Consular work in 2011: Nick's story
- Foreign & Commonwealth Office
- Part of:
- Peace and stability in the Middle East and North Africa and Libya
- 22 December 2011
This was published under the 2010 to 2015 Conservative and Liberal Democrat coalition government
As Deputy Head of Mission in Tripoli at the start of the uprising, Nick Latta played a crucial role in the evacuation of British nationals in Libya.
“The evacuation was the busiest I have ever been. We were trapped in the Embassy, unable to go home for 6 days, working 18 hour shifts and sleeping on the floor. We ran two simultaneous evacuations: one from Benghazi (1000kms away) via very patchy mobile telephone links and the other running a daily flight out of Tripoli back to UK.
Tripoli airport was madness: a tent city grew up overnight as thousands of migrant workers tried to flee just as commercial flights stopped flying. The police and local activists kept control of the crowds with brutal violence. In the middle of which we were trying to load planes with British, Commonwealth and EU citizens, walking children through crowds of people bleeding and groaning from the last baton charge. Surreally, I volunteered for the airport shift to lift the stress of managing the crisis!”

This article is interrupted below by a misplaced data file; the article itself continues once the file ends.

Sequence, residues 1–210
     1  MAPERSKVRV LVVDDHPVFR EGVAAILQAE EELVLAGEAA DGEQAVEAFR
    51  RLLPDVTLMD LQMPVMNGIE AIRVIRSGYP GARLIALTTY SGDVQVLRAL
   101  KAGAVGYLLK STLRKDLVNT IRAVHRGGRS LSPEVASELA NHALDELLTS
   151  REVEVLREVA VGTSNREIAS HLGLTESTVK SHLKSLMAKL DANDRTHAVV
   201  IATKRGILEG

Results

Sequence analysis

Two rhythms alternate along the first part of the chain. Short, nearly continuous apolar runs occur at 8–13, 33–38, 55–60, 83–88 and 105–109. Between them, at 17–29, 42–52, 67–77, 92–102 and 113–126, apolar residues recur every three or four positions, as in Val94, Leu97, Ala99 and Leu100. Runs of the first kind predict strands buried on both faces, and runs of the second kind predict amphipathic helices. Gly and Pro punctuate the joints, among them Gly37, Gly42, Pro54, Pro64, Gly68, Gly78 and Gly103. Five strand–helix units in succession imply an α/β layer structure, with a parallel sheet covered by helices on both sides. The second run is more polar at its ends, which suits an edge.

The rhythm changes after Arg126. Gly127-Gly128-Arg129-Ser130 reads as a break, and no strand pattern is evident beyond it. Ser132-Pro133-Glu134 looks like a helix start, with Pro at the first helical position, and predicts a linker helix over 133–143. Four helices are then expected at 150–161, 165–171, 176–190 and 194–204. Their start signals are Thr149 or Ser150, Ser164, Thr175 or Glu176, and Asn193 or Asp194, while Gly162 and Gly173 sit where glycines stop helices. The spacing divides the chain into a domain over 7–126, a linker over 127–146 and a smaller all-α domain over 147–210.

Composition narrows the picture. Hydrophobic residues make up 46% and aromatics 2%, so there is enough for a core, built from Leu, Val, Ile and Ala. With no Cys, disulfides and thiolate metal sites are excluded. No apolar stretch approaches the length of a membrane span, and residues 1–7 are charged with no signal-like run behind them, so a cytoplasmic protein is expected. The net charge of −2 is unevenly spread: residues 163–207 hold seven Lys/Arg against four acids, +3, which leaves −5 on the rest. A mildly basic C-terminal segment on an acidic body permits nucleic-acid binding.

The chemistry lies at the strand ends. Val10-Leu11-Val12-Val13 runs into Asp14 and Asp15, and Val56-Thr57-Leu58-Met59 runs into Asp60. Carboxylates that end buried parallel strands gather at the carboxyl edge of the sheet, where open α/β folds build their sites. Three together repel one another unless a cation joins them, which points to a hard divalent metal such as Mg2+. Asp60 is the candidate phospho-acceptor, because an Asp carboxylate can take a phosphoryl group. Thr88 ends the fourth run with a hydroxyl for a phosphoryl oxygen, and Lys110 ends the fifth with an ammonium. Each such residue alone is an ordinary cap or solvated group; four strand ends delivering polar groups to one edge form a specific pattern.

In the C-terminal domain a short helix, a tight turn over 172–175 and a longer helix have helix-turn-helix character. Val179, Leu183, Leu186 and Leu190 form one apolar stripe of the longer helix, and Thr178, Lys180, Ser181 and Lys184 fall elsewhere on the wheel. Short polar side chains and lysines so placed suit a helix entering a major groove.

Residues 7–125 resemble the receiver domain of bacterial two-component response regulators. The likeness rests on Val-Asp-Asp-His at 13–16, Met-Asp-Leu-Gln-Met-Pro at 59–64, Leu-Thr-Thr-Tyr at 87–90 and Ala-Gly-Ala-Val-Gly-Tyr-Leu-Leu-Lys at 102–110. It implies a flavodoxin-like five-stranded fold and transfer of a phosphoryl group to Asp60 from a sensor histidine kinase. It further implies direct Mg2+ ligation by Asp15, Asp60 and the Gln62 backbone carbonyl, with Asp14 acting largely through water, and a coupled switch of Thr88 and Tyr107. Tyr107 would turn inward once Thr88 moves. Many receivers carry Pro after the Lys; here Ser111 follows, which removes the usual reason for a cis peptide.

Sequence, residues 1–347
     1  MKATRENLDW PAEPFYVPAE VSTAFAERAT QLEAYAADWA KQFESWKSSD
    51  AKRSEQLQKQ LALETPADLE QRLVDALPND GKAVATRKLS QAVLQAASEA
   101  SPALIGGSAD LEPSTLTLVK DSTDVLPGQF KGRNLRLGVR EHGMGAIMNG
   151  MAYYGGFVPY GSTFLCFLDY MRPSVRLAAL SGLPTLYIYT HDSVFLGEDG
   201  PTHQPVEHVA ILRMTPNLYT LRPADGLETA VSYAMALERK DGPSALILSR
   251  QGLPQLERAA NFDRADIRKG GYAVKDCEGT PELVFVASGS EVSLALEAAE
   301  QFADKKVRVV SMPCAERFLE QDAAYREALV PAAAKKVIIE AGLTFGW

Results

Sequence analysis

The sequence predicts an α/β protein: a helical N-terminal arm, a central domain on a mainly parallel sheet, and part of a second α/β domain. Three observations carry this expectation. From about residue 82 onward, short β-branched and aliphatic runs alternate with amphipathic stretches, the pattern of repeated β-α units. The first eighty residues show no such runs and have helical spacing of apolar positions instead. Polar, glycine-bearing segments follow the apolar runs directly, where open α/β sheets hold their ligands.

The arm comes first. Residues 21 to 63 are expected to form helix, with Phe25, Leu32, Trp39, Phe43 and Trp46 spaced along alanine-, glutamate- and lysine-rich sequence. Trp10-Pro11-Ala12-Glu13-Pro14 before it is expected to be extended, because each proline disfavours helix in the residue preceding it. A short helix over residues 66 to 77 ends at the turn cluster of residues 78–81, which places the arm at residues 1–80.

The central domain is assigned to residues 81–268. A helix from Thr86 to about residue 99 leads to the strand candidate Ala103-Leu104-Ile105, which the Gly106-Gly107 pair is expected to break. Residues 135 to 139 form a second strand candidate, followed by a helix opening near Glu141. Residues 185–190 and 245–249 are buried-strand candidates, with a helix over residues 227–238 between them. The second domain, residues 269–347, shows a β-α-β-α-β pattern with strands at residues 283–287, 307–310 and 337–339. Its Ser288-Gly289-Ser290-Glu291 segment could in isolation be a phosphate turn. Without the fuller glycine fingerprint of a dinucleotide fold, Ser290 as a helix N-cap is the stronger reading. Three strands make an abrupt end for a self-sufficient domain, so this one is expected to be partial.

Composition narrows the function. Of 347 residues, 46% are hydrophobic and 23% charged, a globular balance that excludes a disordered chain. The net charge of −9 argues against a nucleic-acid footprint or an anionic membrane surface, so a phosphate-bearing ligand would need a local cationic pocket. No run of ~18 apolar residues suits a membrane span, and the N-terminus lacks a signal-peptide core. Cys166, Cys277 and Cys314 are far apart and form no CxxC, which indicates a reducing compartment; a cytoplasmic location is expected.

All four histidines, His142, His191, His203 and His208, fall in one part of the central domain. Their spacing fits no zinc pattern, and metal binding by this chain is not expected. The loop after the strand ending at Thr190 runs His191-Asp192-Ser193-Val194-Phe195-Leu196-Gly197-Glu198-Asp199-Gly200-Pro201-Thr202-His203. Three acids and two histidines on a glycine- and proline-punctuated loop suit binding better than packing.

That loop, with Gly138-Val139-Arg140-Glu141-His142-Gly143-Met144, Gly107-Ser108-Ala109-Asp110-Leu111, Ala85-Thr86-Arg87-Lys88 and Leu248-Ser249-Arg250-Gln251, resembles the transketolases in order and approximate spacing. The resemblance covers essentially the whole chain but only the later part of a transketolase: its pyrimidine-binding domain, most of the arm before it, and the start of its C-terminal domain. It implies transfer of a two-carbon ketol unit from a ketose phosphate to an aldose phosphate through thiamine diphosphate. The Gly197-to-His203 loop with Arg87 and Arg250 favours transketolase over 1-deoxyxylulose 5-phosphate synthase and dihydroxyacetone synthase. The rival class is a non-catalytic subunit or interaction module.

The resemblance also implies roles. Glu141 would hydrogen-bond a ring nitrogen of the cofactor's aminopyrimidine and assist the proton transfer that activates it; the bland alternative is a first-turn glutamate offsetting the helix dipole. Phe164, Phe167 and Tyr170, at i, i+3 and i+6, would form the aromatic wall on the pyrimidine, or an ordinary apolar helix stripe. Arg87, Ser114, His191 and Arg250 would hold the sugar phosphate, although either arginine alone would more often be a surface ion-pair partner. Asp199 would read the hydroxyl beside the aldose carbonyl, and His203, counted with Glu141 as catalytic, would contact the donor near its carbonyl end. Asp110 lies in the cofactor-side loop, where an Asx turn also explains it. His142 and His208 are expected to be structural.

The British Government assisted the departure of well over a thousand people from Libya. Nick, with the help of the Rapid Deployment Team sent from London led the last evacuation flight home:
“Most surreal moment: lady insisting she really did not want to go to Gatwick, couldn’t I arrange a flight for her to Tunisia! Best moment: sitting back in the chair on the plane and having people coming up to me throughout the flight to thank me for getting them out. I had been trawling through the airport waving the Union Jack above my head to try to attract the attention of various oil workers we believed were somewhere in the airport.”
Nick is no stranger to Consular crisis work. In 2010, he led a Rapid Deployment Team to Spain to help British nationals get back home when all European flights were grounded due to volcanic ash from Eyjafjallajokull in Iceland.
Published: 22 December 2011